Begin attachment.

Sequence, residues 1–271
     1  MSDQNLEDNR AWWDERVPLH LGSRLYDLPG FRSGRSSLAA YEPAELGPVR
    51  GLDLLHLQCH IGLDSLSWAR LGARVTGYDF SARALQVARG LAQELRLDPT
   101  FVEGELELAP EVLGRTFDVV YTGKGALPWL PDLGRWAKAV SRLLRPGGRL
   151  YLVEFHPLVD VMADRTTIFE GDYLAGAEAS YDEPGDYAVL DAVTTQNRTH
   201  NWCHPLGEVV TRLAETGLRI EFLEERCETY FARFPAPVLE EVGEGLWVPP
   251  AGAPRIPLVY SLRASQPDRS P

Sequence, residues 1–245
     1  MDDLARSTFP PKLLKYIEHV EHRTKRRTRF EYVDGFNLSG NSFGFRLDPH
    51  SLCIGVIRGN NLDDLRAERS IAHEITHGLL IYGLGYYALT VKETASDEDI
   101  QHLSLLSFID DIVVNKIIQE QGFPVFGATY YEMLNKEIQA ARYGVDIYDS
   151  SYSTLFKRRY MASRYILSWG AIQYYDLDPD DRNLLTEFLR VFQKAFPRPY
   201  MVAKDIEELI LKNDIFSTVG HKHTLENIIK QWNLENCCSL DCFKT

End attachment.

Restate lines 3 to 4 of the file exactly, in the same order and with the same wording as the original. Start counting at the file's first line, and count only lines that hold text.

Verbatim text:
    51  GLDLLHLQCH IGLDSLSWAR LGARVTGYDF SARALQVARG LAQELRLDPT
   101  FVEGELELAP EVLGRTFDVV YTGKGALPWL PDLGRWAKAV SRLLRPGGRL